The White House is nearly ready to send to Congress a piece of legislation that would formally authorize the use of military force against ISIS. This new legislation would expand on provisions provided in the 2002 authorization for military action in Iraq, which only covers portions of the current mission.

Via CBS News:

The State Department, Defense Department, National Security Council and the White House Office of Legal Counsel have all participated in the drafting of the document, which outlines the military goals and strategy against ISIS in Iraq and Syria and would seek formal, legal authorization for the mission and other counter-terrorism operations related to the effort.

This would be the first move by Congress and the White House to give legal backing to the military effort to degrade and destroy ISIS and represent the first update to US military strategy in a post-9/11 world since the authorization to use military force in Afghanistan after the 9/11 attacks.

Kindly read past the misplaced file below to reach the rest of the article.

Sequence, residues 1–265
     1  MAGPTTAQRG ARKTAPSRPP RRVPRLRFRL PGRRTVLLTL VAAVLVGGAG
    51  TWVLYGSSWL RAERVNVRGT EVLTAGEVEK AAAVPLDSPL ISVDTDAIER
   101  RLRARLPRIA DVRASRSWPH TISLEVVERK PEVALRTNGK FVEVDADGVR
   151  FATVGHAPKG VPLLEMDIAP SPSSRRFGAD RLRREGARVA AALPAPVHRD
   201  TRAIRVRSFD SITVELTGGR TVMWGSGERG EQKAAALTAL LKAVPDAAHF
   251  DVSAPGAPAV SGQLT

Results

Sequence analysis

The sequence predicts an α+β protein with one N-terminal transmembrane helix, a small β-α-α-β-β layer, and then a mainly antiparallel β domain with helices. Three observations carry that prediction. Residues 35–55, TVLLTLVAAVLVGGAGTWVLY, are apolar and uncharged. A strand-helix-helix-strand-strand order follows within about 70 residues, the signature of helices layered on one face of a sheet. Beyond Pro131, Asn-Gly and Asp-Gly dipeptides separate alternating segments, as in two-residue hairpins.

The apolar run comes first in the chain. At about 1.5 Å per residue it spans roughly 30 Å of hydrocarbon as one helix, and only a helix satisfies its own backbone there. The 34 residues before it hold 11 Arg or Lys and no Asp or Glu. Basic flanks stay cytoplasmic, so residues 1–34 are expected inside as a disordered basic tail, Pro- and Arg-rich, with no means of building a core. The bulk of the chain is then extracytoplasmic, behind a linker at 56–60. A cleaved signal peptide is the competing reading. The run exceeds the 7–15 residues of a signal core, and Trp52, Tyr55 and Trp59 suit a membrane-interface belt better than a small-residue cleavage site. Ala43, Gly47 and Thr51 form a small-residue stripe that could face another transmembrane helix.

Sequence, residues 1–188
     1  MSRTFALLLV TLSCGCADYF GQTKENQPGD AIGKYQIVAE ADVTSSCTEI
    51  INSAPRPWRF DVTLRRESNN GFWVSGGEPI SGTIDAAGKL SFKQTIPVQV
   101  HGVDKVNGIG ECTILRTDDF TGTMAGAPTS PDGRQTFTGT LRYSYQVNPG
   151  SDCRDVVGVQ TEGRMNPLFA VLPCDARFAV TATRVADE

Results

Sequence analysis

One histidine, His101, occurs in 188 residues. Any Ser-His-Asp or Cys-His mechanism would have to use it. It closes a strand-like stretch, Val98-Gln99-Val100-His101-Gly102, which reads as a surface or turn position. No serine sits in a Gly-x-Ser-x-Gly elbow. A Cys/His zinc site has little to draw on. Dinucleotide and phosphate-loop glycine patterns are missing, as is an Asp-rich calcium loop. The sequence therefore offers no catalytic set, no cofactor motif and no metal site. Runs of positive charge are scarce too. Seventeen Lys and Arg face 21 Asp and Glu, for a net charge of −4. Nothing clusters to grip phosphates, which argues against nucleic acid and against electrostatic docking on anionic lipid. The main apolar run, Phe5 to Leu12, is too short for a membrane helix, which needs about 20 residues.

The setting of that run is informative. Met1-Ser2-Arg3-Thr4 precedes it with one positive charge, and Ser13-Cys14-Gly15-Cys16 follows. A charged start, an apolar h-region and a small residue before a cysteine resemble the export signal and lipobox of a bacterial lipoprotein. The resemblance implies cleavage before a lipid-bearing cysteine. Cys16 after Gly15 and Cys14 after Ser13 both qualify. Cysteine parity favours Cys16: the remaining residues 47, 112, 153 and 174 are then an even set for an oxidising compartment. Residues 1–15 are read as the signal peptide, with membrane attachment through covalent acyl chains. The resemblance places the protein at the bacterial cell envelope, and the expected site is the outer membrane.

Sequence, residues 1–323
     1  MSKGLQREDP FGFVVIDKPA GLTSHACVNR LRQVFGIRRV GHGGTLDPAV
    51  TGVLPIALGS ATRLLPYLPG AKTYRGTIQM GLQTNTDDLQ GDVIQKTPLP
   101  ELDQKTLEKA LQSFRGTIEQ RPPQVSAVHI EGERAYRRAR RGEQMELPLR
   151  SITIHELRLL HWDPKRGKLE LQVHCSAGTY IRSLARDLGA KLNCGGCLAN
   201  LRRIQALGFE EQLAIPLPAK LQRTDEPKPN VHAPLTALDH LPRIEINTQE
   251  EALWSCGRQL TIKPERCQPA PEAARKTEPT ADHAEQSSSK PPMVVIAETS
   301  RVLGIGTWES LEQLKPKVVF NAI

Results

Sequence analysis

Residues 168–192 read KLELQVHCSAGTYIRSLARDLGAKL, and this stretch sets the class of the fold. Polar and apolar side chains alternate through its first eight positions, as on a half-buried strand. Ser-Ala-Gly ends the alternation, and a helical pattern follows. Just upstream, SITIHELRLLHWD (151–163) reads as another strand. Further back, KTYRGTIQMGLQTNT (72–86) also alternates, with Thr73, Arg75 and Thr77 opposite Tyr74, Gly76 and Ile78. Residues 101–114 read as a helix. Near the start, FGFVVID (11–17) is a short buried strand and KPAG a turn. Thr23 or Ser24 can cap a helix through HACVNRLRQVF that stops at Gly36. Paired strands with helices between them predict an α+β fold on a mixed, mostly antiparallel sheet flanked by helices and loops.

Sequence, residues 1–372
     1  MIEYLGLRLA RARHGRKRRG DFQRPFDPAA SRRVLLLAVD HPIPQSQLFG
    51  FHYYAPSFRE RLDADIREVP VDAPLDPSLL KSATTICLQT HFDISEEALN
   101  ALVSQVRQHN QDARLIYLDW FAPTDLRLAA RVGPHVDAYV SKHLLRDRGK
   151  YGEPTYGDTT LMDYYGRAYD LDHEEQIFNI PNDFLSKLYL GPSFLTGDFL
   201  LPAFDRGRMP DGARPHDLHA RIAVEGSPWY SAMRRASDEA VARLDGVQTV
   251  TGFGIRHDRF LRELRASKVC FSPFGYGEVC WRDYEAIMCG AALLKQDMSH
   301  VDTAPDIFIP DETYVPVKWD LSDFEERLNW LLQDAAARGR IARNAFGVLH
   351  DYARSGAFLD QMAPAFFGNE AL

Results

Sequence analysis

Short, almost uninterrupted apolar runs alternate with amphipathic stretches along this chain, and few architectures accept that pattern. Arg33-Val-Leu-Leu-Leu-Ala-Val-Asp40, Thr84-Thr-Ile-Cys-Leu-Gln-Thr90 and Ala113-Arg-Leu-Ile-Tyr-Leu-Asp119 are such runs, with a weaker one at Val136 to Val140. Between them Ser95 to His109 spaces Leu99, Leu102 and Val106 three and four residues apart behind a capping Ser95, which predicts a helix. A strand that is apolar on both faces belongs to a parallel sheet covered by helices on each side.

This major move comes at a time when many analysts are seeing a change in how coalition forces are responding to the threat ISIS poses both in the Middle East, and across the world. Former U.S. Ambassador to Iraq Christopher Hill believes that the “tide is turning” against ISIS.

At around 2:35, Shepard Smith mentions that Americans’ main concern is that ISIS is “coming to get us.” I don’t think this is necessarily true; at least, not anymore.

What we’ve seen over the past few weeks wasn’t a “collective freakout.” Jordan’s 56 airstrikes certainly don’t amount to such. The collective freakout happened after the first beheading; most people don’t follow foreign policy, which means that most people had never seen anything like the propaganda videos that ISIS distributed.

But now, I think people understand a little more about who ISIS is, and what their goals are. They know propaganda when they see it—even if it still scares them. But that’s almost irrelevant because if there is a “collective freakout” happening that I’m just not seeing, it doesn’t seem to have forced the governments of Jordan, or the U.S., or the European Union into anything rash.

The new war authorization isn’t ready yet; but when it’s finally released, I think we’ll be able to tell (at least to the extend that the legislation is available for perusal) whether or not the initial panic over the barbarism troops have encountered in Iraq and Syria has affected those tasked with ridding the world of ISIS.